TFL = Tackles for Loss, QBH = Quarterback Hurries, PBU = Pass Break Ups, INT = Interceptions, FF = Forced Fumbles, KB = Kicks Blocked (on special teams).
1. Roquan Smith, Georgia. Grade: 1st Round
6’1”, 236lbs. Junior. 2017: 137 tackles (85 solo), 14 TFLs, 6.5 sacks, 8 QBHs, 2 PBUs, 1 FF.
Size will likely be his biggest knock that will keep him significantly lower on many draft boards than he is here, and while he’s had two straight standout seasons, he had his quieter moments in some big games versus Notre Dame and Oklahoma. However, Smith is one of the most instinctive football players of the last several draft classes. He helped himself at the Combine by measuring in with more bulk on his frame that is more that sufficient for the NFL level.
Smith is as good a tackler as I’ve seen out of college with impeccable technique and physicality in the tackle, almost never failing to bring a ball carrier down when in position. Where he absolutely excels is in his play reading, instincts, run defense, pursuit, and closing speed. He’s an excellent athlete with quickness and burst, backed up by his fast process and decisiveness that results in him being highly active around the ball.
As adept moving backward as he is forward and laterally, Smith has true sideline to sideline ability as a three-down linebacker who can make plays in space and coverage. He can threaten with late blitzes through the middle and off the edge as well as he can backpedal and mirror passing targets.
He does show occasional issues with traffic and dealing with contact, in getting off blocks at times, not overly surprising given his slighter build. There are examples of Smith getting overpowered by offensive linemen, controlled on blocks and taken out of some plays. Still, he has the game at his build that ought to see comparisons to the likes of Kwon Alexander and Deion Jones. His instincts invoke memories of watching Eric Kendricks’ college film.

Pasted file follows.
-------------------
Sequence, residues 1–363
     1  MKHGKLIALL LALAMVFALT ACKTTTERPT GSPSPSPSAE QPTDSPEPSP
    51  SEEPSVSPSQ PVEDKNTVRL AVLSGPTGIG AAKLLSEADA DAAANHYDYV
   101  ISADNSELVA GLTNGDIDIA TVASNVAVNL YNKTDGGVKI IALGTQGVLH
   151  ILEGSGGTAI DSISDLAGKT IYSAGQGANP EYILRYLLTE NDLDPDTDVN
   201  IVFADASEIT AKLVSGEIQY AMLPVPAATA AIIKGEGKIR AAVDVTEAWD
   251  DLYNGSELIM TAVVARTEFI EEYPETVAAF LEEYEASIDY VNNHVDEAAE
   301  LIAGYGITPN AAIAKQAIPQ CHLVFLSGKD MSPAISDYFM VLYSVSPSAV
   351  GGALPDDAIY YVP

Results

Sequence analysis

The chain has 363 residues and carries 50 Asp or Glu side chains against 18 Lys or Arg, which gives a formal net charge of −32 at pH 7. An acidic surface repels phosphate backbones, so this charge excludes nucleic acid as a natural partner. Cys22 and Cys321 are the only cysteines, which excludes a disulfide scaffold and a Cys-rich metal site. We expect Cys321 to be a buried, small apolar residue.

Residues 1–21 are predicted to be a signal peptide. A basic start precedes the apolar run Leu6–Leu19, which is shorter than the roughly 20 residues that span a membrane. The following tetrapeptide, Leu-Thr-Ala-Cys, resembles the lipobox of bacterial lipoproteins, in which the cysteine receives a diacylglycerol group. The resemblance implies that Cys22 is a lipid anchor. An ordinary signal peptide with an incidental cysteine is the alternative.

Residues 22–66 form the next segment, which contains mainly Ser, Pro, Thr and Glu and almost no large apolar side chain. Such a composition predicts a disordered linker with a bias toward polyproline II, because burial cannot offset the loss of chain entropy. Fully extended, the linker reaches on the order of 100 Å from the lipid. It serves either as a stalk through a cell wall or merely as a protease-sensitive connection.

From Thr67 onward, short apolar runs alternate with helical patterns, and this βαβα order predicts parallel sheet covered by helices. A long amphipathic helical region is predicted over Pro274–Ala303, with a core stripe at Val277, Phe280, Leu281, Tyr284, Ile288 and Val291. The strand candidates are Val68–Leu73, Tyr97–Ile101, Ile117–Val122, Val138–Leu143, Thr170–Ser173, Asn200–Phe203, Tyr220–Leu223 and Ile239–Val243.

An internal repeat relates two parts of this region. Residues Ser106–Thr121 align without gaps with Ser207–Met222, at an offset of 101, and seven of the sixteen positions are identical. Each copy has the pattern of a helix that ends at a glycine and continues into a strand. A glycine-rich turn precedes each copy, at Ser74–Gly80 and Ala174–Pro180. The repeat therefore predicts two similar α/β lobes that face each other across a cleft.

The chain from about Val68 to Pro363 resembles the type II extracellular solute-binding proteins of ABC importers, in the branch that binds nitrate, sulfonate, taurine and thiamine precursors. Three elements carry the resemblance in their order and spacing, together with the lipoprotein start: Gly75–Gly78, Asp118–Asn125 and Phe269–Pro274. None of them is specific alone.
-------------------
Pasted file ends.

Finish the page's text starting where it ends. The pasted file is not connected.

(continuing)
2. Tremaine Edmunds, Virginia Tech. Grade: 1st Round
6’4”, 253lbs. Junior. 2017: 109 tackles (60 solo), 14 TFLs, 5.5 sacks, 4 QBHs, 2 PBUs, 3 FFs.
With outstanding length and athleticism, Edmunds has ideal NFL measurables. Very fast around the field with elite range and can run in coverage, including with fast receivers that has seen him ranked more highly than this and as the top linebacker for many.
What often lets him down though, is some inconsistency, proving to be rather hit or miss in his positioning, decision making, vision, and reactions. He continues to make mistakes and disappointing reads, some wasted steps or taking himself completely out of the play. Edmunds has busted a number of big plays, particularly in coverage, including costing the Hokies a long touchdown conceded against Clemson this year.
That said, the production over the last two seasons has been huge and he impacts the game in a variety of ways. The upside potential is undeniable with rare physical traits. He is highly active, around the ball plenty and can close in a fraction that has seen him excel against the run. With his long arms, Edmunds can wrap up well against heavier, physical runners and tight ends. He’s an impressive open-field tackler who breaks down well in space.
He uses his length well and hands in general to control at the point of attack and to disengage from blocks while working through traffic en route to the ball carrier. Impresses working forward, and can be dangerous on the blitz and causing general backfield disruption.
He has the traits to be a threat rushing the passer off the edge, and the versatility to be deployed in multiple ways on the defense that makes accounting for him difficult and allows him to be a factor in all down and distance situations. The big-bodied linebacker has the skills and measurables to fit any scheme at the next level.
3. Rashaan Evans, Alabama. Grade: 1st Round
6’2, 232lbs. Senior. 2017: 74 tackles (35 solo), 13 TFLs, 6 sacks, 7 QBHs, 3 PBUs, 1 FF.
Great measurables with size, long arms, outstanding burst and movement around the field. Evans is a fantastic athlete and a devastating hitter in the tackle. An enthusiastic, high-energy, hard-working player, even if there is a little bit of rawness in his reads and efficiency of movement.